Afterwards I took the subway out towards the Metropolitan Government Building (which is also the start area for the marathon) to visit the free observation deck for views of the city. I spent a little time walking around the nearby Shinjuku Park and then went to a little place for tempura as a late lunch/early tea.


It was exceptional! By no means what we think tempura is at home. I sat watching the locals as I waited on mine being cooked and it gave me a little idea of what to do with all the little dishes to make sure I was eating it ‘properly’ (so many dipping dishes etc and this being the first time I’ve had real tempura before!) It was all going great, and even though I 8389D819-EF15-433B-A01A-E8F4FF1707F6knew one of the pieces was eel, I was quite keen to try it. It was very tasty, in to the teriyaki sauce it went, rice, pickles…delicious. That was until I saw one of the poor little eels (still alive!) being whipped out of a sink full of water by one of the chefs at the counter and swiftly decapitated on the chopping board right in front of me. Well, I guess it doesn’t get any fresher than that!

On the way back to the hostel I took a wander around a Bic Camera Store. It sounds random but this really is a must do for anyone visiting here for the first time. The Japanese take electronics to a whole new level and it really has to be seen to be believed. Close to ten floors full of every kind of gadget you could imagine, and every matching family of accessories to go with said gadgets. I saw a whole three aisles dedicated to blood pressure monitors alone!

Thursday 8th February 2018

The world-renowned, weird and equally wonderful Tsukiji Fish Market!

The world’s largest and busiest fish market is a very popular spot for locals and tourists alike. Whether you like fish or not, you really can’t miss it and being a lover of seafood, I was more than happy to eat my way around the market and overdose Omega-3s for the morning. It is a pretty famous spot in regards to Japan’s food culture, with hundreds of local restaurateurs making their way there daily to hand select their produce. I read that it was best to arrive early and to make sure I had breakfast there too. The morning literally whizzed by, with so many fascinating things to see. Wandering through the tiny lanes, sampling the goods as I went. There’s also lots of stalls selling top class kitchen knives and tools as well as lots of little nik naks for your kitchen…I’m just sorry I can’t cart more things around in my backpack, maybe just as well and I guess it’s ever helpful to the budget.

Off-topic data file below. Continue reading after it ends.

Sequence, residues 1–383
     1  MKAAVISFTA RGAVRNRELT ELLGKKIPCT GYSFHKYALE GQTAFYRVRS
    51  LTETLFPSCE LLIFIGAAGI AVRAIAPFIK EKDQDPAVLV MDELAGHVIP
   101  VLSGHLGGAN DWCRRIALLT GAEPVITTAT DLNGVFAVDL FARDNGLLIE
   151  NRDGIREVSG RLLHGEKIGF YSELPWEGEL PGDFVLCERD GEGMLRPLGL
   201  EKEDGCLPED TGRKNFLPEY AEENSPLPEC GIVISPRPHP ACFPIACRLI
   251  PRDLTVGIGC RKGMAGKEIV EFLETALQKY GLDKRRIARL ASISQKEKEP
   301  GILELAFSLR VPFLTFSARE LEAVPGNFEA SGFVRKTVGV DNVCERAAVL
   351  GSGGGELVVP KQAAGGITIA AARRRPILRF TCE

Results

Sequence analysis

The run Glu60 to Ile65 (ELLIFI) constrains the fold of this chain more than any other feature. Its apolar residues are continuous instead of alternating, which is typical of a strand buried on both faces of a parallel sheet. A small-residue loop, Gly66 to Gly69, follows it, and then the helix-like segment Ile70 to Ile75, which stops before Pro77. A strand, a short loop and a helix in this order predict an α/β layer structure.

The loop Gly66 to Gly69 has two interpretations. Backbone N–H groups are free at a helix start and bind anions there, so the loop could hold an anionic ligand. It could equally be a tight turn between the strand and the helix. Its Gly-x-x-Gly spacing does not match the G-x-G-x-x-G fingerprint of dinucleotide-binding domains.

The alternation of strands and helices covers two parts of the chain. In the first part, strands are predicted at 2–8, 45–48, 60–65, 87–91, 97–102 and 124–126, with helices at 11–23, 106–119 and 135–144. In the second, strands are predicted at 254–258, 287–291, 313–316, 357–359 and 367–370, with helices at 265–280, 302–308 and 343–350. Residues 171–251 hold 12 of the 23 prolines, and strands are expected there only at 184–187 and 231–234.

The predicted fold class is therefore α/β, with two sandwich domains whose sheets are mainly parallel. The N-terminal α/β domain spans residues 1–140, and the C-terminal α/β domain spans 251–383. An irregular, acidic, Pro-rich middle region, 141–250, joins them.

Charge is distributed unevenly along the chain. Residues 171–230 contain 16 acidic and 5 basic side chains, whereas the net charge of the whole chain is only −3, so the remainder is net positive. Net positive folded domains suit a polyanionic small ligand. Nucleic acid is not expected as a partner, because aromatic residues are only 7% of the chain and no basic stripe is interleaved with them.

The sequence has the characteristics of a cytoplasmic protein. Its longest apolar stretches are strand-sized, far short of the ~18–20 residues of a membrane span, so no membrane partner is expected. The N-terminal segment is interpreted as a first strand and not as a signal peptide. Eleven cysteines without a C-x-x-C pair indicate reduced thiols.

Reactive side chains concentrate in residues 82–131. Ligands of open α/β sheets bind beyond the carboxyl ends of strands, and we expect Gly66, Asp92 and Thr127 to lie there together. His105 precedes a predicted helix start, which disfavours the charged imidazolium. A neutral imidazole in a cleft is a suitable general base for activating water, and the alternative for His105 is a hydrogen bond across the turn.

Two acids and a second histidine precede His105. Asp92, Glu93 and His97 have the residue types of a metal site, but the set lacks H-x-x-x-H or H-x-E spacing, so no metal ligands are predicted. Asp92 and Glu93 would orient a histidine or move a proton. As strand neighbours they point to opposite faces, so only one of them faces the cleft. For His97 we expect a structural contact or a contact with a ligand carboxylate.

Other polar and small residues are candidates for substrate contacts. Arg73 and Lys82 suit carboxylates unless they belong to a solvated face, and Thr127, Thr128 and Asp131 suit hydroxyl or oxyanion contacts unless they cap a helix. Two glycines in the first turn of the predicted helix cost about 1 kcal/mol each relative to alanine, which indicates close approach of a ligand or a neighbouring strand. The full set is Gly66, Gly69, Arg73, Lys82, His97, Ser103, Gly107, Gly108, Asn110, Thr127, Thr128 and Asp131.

In the evening, an easy 90 minute run, and a little tour of the bridges along the river. Nice to see the Sky Tree at night time, and the foot is feeling all back to normal. Phew!


Friday 9th February 2018

Fasted threshold run this run this morning, 5×6 minutes with warm up and cool down and then time to get ready for check out to experience my first trip on the Shinkansen, aka bullet train.


I am lucky to be here a little in advance of the marathon, so I’m using the time to explore a little more of the country before coming back to rest up for the big day, though I’m already realising it just isn’t enough time.

Super excited, next stop, Kyoto!